The Hillsborough inquests commenced on March 31, 2014 and are the subject of reporting restrictions that have been imposed by the Attorney General's office. Liverpool Football Club is respectful of these restrictions and will therefore only be making available updates from other media channels for the duration of the inquest.
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Courtesy of BBC - July 20
Liverpool supporters at Hillsborough were gripped by mania and frantic to get into the ground as kick off approached on the day of the disaster, the jury at the new inquests has heard.
South Yorkshire Police inspector Stephen Ellis told how a crush started outside the stadium on 15 April 1989.
He told the jury he feared someone would be killed before a gate was opened relieving the throng outside.
Ninety-six fans died following the crush at the FA Cup semi-final game.
'Wall to wall crushing'
Insp Ellis, who was in charge of officers meeting Liverpool fans as they arrived in Sheffield, told the inquests that at 14:30 that day it was "just a normal football match".
He told the jury he had escorted a group of around 400 Liverpool supporters from Wadsley Bridge train station into Leppings Lane in time for the 15:00 kick off.
But by 14:40, he noticed things had changed and it was "mayhem", the inquests at Warrington, Cheshire heard.
He said: "They were running towards me, away from the turnstiles, pushing their way through, shouting, screaming "get the match delayed" that sort of comment."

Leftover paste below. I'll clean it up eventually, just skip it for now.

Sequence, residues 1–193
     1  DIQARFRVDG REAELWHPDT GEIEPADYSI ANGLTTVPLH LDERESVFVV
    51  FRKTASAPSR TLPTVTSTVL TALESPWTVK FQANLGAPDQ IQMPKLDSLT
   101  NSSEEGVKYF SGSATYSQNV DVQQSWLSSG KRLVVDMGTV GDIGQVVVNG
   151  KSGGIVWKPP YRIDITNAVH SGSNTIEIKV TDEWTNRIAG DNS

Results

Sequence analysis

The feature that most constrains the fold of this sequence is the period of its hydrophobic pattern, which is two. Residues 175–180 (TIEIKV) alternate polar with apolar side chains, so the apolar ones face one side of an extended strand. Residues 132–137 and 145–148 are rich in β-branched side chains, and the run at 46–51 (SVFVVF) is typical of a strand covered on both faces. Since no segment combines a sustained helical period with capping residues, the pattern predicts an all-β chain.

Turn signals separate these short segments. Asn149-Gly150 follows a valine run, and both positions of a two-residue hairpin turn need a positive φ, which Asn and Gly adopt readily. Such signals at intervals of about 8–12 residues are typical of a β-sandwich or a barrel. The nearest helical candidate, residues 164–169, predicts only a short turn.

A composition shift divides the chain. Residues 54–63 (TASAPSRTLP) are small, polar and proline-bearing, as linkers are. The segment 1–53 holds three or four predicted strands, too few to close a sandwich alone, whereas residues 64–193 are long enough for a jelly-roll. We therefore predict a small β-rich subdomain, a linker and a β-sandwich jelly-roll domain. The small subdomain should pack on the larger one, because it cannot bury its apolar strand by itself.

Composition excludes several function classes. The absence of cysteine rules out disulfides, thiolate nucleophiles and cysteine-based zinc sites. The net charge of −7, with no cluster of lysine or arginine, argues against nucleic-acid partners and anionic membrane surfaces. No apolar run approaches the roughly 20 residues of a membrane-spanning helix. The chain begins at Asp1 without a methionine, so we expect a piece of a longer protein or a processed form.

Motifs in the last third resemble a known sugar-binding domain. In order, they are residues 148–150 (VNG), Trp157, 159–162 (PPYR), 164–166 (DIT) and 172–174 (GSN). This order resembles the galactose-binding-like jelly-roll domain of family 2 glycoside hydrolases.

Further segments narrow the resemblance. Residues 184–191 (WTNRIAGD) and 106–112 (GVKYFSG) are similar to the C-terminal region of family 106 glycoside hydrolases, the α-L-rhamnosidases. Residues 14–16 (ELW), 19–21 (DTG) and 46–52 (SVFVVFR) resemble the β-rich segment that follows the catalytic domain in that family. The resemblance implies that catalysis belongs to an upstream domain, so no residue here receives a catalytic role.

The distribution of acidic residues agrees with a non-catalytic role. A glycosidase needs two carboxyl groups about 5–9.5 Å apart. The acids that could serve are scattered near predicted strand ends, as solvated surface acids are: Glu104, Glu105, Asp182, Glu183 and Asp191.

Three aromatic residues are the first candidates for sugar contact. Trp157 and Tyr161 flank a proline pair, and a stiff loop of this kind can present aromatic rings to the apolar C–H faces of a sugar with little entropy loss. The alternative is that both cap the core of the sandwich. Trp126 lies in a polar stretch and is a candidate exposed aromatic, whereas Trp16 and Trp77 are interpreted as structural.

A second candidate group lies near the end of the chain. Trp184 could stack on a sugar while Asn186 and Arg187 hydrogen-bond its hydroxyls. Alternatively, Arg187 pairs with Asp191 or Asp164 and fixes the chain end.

A group of officers on horseback tried to block access to the turnstiles, the jury heard, which was effective for a short while.
At 14:46 a police Land Rover arrived in Leppings Lane, he said.
Mr Ellis said he climbed on to the roof of the vehicle and shouted through a loudspeaker at fans to stop pushing.
"People [were] getting crushed against the turnstiles and down Leppings Lane as far as I could see, which was maybe 400m before the road bent out of sight.
'It was wall to wall supporters coming towards me, coming towards people in the turnstile area that were getting crushed.
He said the horses were having difficulty as they had no space either.
Mr Ellis told the inquests he saw a man "trying to protect his daughter".
"He had got his feet up against the wall four feet off the ground. He was pushing back with his shoulders and pushing back with his legs.
"He stood up with his arms by his side, unable to move, pinned up against the wall near the turnstiles."
He also saw a young fan dive under a police horse, he told the jury.
"He cleared something like three metres without touching the ground and landed on his hands on the other side and then climbed up and started pushing to try and get into the turnstiles."
The jury heard he was worried somebody was going to get killed or seriously injured and that even if more officers or horses had been deployed they would not have helped the situation.
"It was too late; there were too many people there to have controlled by that time and still they were coming down Leppings Lane and Catchbar Lane."
He told the inquests at some time after 15:00 the crowd cleared after Gate C was opened.
He told the jury: "I didn't even know this gate existed, let alone had been opened.
"I didn't know where they had gone."
Mr Ellis said he continued to watch for a "couple of minutes" and fans were still "diving over the turnstiles".
"There was no reason for them to behave like this; they were not getting crushed.
'It were [sic] like they were just diving over, climbing over - any way they could as if they had all been let in for free."
The jury heard that officers in Leppings Lane then closed the perimeter gates leading into the turnstiles.
Insp Ellis told the jury fans then started "coming to us vehemently angry".
"They demanded to be let in to the ground.
"They [couldn't] understand what authority a police officer has, or I have, to deny them entry when they have got a ticket."
The inquests continue.